From the Book Reviewer:

The book, “Misunderstood Myanmar – An Introspective Study Of A Southeast Asian State In Transition,” written by Dr. Koh Kim Seng, is a multi-dimensional exploration of Myanmar’s fundamental issues underlying the world’s negative view of the country and is based on the author’s interviews with key governmental and military leaders, as well as on his first-hand knowledge of the country.  Dr. Koh clearly highlights the deep impact of British colonization on the current social, economic and political problems, as well as the effects of Myanmar’s entrenched ethnocentricity, Theravada Buddhist religion and culture on its problematic governmental structure.  Also discussed are the roles of the military, as well as the conflicts that the ethnic minorities face, allowing for more clarity on the difficulties the country has in finding both internal and external resolution. This book is a kaleidoscope of Myanmar’s past and present, shedding more light on its mysteries and enables the world to see its future possibilities.

From the Publisher:

The story of Myanmar revealed here is most unusual and runs counter to received wisdom and orthodoxy. The book is the product of the author’s extensive field work in Myanmar, and reports on his close encounters with the military Junta, and with business and bureaucratic elites. The work is an ‘introspective’ study because it reveals and respects the opinions, beliefs and strategies of these elites in an open minded approach that gives full scope to their alternative version of history.

Those who have even a passing familiarity with Myanmar will know that the Myanmar Government is exceedingly wary of letting any information out and that it guards its sovereignty and independence most jealously refusing to let any outside parties into its decision making processes. It is this very cloistered nature of the regime that has led to a dearth of ‘inside information’ which has stumped many a student of Myanmar whether academic scholar or correspondent or political analyst. The result has been a failure to understand Myanmar’s exceptional and intransigent response to the protests, exhortations and impositions of the US led ‘international community’ more particularly the latter’s ‘democracy and human rights’ agenda. Thus for example, there has come about a wide spread perception that the Junta elites are ‘corrupt and repressive’, that the Myanmar state is a pariah state, and that whatever development is taking place is merely ‘cosmetic’. The Myanmar generals are often made out to be uneducated and stupid, as in the comment (recently repeated by Aung San Suu Kyi (ASSK) that ‘putting four generals together will not add up to a standard three education’, and that for decision making one has to go to the astrologers, etc, ignoring that many of the top brass have been schooled and trained in some of the leading institutions in the UK, the US and elsewhere.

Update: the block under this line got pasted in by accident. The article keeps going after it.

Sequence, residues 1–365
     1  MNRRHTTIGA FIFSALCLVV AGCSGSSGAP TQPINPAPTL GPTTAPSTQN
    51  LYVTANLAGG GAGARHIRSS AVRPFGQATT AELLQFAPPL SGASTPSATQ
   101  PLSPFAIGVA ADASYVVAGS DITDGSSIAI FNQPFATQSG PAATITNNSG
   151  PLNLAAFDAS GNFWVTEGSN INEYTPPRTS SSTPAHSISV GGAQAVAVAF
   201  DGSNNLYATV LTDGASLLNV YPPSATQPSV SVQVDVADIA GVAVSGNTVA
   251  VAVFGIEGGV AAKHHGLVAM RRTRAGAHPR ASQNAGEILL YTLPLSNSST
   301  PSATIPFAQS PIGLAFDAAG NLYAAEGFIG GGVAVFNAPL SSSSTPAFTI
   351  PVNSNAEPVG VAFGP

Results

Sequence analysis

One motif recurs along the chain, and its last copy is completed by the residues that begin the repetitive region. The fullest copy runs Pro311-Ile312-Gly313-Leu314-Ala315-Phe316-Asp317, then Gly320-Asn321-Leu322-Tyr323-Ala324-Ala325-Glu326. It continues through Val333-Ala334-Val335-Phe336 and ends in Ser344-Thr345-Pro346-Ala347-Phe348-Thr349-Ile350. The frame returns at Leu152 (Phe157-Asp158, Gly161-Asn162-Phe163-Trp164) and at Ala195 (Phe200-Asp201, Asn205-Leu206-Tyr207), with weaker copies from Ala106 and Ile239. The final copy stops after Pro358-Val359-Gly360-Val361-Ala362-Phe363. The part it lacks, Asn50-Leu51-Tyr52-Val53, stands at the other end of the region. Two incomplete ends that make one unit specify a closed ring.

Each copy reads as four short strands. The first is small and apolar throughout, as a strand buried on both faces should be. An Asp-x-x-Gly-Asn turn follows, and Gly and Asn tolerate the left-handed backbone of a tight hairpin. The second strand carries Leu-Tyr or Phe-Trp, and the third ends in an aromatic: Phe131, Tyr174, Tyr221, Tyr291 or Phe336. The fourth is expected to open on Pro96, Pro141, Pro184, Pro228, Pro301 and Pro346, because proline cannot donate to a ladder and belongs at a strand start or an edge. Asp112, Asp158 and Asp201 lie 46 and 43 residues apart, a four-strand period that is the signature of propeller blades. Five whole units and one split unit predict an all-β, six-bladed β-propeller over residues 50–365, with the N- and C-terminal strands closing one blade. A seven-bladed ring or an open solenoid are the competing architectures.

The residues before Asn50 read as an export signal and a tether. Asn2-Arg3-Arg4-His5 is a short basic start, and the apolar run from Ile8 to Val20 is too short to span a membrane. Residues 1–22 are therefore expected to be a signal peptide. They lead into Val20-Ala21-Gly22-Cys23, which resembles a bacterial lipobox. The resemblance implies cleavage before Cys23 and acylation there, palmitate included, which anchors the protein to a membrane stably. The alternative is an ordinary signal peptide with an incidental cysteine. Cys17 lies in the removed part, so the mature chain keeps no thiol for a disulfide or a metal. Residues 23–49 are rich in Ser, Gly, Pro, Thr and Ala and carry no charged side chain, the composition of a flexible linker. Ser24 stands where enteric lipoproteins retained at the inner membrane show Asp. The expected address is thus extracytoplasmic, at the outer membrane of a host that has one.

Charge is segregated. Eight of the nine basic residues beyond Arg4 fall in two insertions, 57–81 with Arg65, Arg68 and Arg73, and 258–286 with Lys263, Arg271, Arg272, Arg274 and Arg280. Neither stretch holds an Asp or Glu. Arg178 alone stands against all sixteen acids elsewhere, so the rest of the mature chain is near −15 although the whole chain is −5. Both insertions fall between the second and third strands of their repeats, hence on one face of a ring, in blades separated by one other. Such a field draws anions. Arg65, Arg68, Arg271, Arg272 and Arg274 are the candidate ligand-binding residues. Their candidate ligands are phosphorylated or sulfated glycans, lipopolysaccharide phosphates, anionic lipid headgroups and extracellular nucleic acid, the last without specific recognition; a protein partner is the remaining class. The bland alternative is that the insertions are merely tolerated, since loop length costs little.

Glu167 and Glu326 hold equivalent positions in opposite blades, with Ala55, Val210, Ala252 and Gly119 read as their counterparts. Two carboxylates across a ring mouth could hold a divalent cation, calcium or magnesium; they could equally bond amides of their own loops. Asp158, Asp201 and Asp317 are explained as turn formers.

This book argues that to understand the vicissitudes of Myanmar’s recent history and the behavior of its generals one has to grasp the dynamic interaction (struggle even) between, on one hand, its external environment (milieu exterieur), including the disgruntled diaspora alongside the US led international community, and on the other, the internal environment (milieu interieur) consisting of the generals’ ideological orientation in politics and economics which, the author argues, exceptionally, still draws from a well of adverse colonial experiences and betrayals, as well as from religion and culture. ‘Exceptionally’ because unlike other developing states Myanmar has been isolated from the international world  for so long that those same internal factors have crystallized and come to take on a significance which, arguably,  exceeds the role played by history, culture and religion in other parts of the world.

Dr Koh Kim Seng Author, "Misunderstood Myanmar – An Introspective Study Of A Southeast Asian State In Transition"

Dr Koh Kim Seng
Author, “Misunderstood Myanmar – An Introspective Study Of A Southeast Asian State In Transition”

Thanks to his very extended quanxi networks amongst the Myanmar junta, the author has succeeded in teasing out the causes of the Myanmar Government’s reluctance to rapid developmental change and democratization, its philosophical and buddhistic take on the country’s postwar slide from pre-eminence to ignominy in the developmental world, and its post ‒ 1988 “conflagration-resolve” to gradually take steps to regain its “Paradise Lost”, taking advantage of  present forces of regionalization  and geo-strategic hegemonic shifts. Whether this strategy succeeds thereby improving the lives of 53 million people depends much on how the clash between the international community’s “Prejudice” and the Junta’s “Pride” will be handled. Will there be “constructive engagement” rather than “obstructive dismissal”? It is to foster “constructive engagement” for the benefit of the protagonists in the drama that this book has been written.

The book is available at leading book distributors – http://www.marymartin.com or directly from the following address:

Marplan Pte Ltd, 51 Thomson Road, 181B Goldhill Centre, Singapore 307627.                                     Email: marplan(at)singnet.com.sg.